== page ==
Mrs A. Thompson –v- Scancrown Ltd, trading as Manors In a case that received widespread…
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When a transaction occurred that should have aroused suspicion, the subsequent investigation by the Financial Services Authority (FSA) led to fines for three of the people involved.
The transaction involved the sale of a 13.3 per cent holding in pub chain Punch Taverns plc. This took place after the owner of a hedge fund became aware that Punch was intending to offer more shares to the market and decided to reduce the fund’s shareholding. A substantial proportion of the holding had been disposed of before the information about the offer of shares became public knowledge. When it did, the share price fell sharply.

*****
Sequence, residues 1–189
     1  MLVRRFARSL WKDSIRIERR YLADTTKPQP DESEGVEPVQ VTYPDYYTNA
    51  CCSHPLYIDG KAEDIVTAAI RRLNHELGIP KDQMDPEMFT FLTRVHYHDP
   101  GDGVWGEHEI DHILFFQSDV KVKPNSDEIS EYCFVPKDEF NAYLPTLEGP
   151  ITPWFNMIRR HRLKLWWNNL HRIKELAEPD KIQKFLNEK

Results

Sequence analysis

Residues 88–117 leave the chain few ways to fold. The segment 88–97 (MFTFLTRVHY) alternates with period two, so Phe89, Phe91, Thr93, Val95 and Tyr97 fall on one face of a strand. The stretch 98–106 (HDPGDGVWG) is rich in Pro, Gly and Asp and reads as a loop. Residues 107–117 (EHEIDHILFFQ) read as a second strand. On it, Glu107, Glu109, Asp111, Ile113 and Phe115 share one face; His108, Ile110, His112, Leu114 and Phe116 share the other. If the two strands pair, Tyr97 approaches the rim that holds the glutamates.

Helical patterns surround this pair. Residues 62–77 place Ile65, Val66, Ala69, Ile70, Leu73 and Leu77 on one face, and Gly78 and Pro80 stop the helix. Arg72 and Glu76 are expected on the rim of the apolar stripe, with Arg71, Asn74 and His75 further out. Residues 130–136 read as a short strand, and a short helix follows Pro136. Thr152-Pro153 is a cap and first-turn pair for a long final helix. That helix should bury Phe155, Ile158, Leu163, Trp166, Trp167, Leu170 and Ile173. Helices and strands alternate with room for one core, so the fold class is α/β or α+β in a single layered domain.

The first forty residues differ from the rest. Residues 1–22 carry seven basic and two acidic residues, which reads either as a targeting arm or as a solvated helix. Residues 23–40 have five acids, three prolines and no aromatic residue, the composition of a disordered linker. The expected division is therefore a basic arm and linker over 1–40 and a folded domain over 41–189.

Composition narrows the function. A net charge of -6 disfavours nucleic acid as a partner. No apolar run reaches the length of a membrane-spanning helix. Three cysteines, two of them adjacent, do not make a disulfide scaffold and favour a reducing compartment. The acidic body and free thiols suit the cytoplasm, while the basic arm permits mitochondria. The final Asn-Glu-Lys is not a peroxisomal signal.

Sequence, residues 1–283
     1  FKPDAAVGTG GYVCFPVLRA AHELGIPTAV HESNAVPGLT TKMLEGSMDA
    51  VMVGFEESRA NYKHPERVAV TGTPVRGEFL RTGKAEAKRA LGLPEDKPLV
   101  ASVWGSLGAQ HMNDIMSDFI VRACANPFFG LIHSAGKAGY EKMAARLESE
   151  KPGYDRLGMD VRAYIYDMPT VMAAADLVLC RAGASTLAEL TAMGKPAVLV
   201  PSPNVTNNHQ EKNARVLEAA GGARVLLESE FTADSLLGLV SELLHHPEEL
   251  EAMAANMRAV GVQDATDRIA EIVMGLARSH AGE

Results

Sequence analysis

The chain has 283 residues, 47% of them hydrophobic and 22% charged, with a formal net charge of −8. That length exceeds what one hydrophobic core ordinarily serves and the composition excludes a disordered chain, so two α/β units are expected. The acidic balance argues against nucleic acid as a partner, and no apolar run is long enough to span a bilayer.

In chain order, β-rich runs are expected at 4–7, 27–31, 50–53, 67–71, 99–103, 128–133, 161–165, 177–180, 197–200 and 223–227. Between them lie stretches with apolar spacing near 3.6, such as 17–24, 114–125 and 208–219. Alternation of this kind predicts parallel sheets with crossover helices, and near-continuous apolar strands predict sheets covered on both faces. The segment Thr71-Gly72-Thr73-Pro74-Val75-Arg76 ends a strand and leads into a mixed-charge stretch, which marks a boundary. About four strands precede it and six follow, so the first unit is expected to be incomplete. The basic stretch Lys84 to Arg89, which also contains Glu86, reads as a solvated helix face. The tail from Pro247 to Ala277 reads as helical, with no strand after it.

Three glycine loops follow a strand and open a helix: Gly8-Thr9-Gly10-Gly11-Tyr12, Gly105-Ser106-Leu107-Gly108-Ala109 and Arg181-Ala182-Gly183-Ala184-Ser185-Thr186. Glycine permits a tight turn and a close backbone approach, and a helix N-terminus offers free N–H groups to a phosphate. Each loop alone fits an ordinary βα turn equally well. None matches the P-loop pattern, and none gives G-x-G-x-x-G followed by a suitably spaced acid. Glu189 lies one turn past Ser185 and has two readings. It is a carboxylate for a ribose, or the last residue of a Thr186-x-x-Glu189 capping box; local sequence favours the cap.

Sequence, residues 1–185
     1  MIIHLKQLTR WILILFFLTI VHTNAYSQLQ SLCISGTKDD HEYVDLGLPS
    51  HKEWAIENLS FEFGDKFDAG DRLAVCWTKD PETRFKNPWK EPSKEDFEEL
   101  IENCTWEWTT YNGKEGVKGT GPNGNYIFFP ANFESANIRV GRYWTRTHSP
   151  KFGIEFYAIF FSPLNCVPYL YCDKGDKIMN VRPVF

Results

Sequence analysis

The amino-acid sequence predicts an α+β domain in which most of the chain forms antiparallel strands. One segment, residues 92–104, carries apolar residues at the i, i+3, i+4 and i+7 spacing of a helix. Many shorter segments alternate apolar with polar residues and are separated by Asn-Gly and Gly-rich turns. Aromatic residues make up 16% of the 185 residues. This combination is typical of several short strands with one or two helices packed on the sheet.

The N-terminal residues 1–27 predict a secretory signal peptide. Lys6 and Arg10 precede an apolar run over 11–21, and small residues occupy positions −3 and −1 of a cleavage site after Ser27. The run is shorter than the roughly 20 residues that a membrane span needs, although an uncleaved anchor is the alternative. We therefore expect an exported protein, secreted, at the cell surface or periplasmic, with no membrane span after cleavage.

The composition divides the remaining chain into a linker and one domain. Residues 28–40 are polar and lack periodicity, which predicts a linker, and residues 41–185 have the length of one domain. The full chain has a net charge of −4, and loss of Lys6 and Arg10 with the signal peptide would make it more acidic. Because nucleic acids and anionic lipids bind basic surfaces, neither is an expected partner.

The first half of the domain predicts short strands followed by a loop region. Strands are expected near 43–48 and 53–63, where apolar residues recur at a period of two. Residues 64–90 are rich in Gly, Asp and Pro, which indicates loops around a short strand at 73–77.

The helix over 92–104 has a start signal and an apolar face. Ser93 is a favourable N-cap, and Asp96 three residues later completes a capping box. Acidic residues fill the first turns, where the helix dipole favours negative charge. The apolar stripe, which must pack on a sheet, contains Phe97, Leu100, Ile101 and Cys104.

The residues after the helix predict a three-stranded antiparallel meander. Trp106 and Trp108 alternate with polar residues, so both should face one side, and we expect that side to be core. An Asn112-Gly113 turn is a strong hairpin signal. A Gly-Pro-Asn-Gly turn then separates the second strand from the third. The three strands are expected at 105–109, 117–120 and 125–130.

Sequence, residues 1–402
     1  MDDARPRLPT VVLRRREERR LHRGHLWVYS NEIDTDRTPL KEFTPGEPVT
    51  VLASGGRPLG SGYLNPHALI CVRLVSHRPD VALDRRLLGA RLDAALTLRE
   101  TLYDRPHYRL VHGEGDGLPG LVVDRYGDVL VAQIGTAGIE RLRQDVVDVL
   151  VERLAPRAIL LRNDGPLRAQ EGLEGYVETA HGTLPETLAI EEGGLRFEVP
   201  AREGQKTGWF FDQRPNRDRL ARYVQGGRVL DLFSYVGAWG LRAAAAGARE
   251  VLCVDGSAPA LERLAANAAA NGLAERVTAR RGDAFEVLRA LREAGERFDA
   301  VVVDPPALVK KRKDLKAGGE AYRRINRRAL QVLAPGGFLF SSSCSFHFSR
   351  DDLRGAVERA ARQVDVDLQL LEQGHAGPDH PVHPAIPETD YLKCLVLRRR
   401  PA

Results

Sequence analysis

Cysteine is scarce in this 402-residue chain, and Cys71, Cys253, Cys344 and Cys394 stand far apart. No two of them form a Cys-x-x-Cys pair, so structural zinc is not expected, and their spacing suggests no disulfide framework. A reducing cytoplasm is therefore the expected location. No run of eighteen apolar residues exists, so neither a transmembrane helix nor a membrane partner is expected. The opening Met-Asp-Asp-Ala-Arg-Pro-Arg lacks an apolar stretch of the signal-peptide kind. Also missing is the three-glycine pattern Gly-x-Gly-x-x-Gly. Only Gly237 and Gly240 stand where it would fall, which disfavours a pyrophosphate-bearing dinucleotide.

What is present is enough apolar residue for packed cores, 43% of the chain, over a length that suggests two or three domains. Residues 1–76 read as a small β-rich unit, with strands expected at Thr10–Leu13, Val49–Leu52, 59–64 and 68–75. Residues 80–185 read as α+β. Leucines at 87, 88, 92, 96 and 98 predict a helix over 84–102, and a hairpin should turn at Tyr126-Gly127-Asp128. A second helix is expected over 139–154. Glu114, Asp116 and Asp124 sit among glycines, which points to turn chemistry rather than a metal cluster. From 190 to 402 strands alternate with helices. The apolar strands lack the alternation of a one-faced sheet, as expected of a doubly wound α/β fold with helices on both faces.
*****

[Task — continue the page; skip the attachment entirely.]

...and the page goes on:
By selling the shares when it did, the hedge fund avoided a loss of approximately £5.8 million. Although the hedge fund owner did not realise it, the information on which his decision to sell was based was ‘inside information’, and to profit from such knowledge is prohibited. The FSA fined the hedge fund and its owner a total of more than £7 million, on the basis that it was not reasonable for a professional investor not to know that the information was inside information.
The FSA then turned to the trader in the hedge fund who had carried out the trades: he was fined £130,000 for failing to make reasonable enquiries before actioning the sale order. Lastly, the FSA set its sights on the trader at the hedge fund’s investment bankers. In his case, it levied a fine of £65,000 for failing to identify and act on a suspicious trade.
Says John Keeble, Head of Corporate at DFA Law, “Although insider trading is often difficult to prove, the FSA is tenacious when it gets evidence of any wrongdoing. If you are concerned about potential conflicts of interest or the limits put on your activities because you have knowledge regarding a company or market that is not in the public domain, we can advise you.”